The Handbook of Dramatherapy

By Sue Jennings; Ann Cattanach et al. | Go to book overview

Chapter 1

Historical background and overview of dramatherapy

Brenda Meldrum


INTRODUCTION

This introduction to what dramatherapy is, where it comes from, who does it, where and why they do it, is a somewhat breathless dash through the current state of dramatherapy practice. I hope that it will show the complexities of the profession, born of its different approaches, influences and models. I shall begin with a very brief history of its origins; I shall then proceed to give some definitions of dramatherapy and the status of the profession in the early 1990s; finally, I shall consider some of the models underlying practice.


A BRIEF HISTORY OF DRAMATHERAPY

The profession of dramatherapy is new and evolved in Britain in the 1960s from drama in education, theatre in education and remedial drama. This chapter is concerned mainly with the development of the profession in Britain.

During the early 1960s, when so much of the establishment, including the certainties of psychiatry, was under attack by the newly liberated young, arts therapy groups began to be formed in Britain and in Continental Europe. They were influenced by the optimism of the times, when it seemed that new ideas and radical approaches to learning and the arts would really change society.

Peter Slade, a gentle man with a mind of flexible steel, was encouraging children to express themselves through drama, but his message to adults-parents and teachers-was that they should listen to their children. We adults, he said, usually spoil our children's absorption in their tasks and deny their creativity by our attempts to control their actions. Listen to children? It was a radical message in the 1960s!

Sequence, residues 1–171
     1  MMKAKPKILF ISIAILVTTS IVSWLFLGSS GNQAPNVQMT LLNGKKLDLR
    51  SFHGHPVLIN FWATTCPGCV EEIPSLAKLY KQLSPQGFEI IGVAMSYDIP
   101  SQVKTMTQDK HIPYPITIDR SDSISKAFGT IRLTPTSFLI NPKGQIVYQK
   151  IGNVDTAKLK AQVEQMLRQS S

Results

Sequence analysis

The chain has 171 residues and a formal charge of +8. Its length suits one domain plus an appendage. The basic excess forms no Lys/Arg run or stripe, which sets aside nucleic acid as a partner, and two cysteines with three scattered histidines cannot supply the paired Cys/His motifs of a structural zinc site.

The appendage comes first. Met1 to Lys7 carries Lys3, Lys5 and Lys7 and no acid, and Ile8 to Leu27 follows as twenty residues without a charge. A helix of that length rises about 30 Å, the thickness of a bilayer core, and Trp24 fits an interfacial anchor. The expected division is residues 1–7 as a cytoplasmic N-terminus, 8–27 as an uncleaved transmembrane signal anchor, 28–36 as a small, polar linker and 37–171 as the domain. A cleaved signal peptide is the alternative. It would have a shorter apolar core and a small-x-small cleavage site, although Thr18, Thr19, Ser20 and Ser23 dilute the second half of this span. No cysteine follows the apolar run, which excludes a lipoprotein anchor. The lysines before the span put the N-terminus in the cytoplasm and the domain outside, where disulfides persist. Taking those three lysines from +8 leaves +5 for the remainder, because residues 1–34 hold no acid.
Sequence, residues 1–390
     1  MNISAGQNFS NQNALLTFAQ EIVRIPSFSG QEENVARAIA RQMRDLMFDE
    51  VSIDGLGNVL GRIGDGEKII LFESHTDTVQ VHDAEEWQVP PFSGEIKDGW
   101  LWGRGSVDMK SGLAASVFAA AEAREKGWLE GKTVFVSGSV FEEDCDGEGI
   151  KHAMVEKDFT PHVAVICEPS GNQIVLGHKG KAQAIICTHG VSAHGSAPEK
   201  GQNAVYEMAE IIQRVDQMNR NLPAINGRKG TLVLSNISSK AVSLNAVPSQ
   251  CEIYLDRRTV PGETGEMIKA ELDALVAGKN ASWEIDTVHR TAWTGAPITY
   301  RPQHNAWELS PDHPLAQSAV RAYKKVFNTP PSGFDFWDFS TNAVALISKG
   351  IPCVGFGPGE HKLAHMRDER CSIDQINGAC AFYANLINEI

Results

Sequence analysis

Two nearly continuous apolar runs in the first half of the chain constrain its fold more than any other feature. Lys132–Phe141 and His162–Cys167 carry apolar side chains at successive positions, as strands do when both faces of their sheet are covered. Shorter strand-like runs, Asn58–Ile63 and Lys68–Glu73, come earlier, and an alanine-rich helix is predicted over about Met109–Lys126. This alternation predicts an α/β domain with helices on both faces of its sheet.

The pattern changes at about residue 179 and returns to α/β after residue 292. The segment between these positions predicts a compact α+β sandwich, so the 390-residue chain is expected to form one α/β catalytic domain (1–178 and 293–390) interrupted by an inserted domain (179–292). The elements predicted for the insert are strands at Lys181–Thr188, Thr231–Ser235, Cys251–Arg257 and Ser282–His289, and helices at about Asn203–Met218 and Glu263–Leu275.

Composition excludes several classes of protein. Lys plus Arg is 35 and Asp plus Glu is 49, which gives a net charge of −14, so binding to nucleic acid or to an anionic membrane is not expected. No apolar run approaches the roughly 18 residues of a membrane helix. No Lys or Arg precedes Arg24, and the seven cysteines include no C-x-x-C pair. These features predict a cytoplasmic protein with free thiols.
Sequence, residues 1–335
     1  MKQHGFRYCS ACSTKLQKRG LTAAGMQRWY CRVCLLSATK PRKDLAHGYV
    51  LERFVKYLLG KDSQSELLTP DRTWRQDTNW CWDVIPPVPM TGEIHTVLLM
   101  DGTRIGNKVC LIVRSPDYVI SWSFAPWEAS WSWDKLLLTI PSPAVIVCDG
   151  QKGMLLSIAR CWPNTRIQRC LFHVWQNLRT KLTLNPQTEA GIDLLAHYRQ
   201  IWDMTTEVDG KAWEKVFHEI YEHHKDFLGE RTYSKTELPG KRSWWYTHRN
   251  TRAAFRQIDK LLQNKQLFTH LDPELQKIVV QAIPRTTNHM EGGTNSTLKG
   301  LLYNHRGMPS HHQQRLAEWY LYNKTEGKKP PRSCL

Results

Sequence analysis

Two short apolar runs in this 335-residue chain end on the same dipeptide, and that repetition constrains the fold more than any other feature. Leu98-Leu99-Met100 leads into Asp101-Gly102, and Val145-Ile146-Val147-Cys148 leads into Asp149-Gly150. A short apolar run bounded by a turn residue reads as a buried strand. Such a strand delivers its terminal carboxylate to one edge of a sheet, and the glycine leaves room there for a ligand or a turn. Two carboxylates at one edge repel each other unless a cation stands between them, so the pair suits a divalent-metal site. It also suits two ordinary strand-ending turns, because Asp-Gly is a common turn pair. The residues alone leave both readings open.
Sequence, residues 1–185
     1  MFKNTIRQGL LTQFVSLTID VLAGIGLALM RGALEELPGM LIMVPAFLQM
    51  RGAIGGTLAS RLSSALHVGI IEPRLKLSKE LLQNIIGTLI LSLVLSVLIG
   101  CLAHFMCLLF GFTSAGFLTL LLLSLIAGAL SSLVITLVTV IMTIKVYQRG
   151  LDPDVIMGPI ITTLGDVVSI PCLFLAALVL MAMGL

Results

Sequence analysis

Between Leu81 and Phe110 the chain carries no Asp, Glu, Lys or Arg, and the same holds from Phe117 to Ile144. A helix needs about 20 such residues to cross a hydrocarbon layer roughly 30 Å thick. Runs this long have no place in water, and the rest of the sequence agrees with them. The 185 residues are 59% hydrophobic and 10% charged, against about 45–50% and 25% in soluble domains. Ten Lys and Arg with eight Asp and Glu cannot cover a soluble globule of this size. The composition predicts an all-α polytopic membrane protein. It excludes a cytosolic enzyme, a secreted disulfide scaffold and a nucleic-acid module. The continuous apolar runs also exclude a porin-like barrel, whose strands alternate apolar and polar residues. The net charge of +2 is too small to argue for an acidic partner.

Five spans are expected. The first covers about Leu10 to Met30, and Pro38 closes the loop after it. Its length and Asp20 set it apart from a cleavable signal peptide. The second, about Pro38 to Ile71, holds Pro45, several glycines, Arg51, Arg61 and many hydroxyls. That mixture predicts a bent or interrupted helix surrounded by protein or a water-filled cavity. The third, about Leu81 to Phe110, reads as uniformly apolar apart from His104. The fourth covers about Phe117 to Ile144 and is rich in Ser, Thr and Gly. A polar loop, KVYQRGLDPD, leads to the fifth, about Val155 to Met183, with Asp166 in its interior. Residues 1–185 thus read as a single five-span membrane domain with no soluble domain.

At the same time, Peter Brook, the great international theatre director, was experimenting with different theatrical forms such as Artaud's 'theatre of cruelty', culminating in theatrical productions like Peter Weiss's Marat-Sade, which had a much greater influence on theatre practice in Britain than the whinings of Jimmy Porter around the mythical kitchen sink.

In Poland, Jerzey Grotowski's experiments with his laboratory theatre were producing extraordinary actors who were trained to think of themselves and their

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The Handbook of Dramatherapy
Table of contents

Table of contents

  • Title Page iii
  • Contents v
  • Illustrations vii
  • Notes on the Authors viii
  • Prologue 1
  • Chapter 1 - Historical Background and Overview of Dramatherapy 12
  • Chapter 2 - The Developmental Model of Dramatherapy 28
  • References 40
  • Chapter 3 - The Theatre of Self-Expression 41
  • Chapter 4 - An Integrated Model of Dramatherapy and Its Application with Adults with Learning Disabilities 58
  • Chapter 5 - A Role Model of Dramatherapy and Its Application with Individuals and Groups 75
  • Chapter 6 - The Theatre of Healing 93
  • Chapter 7 - Dramatherapy and Psychodrama 114
  • References 132
  • Chapter 8 - Dramatic Play with Children 133
  • Chapter 9 - The Dramatherapy Venture Project 145
  • Chapter 10 - What is Dramatherapy? 166
  • Note 186
  • Chapter 11 - Evaluation and Assessment in Dramatherapy 187
  • References 207
  • Epilogue 209
  • Appendix 1 210
  • Appendix 2 212
  • Appendix 3 214
  • Appendix 4 216
  • Appendix 5 218
  • Name Index 223
  • Subject Index 225
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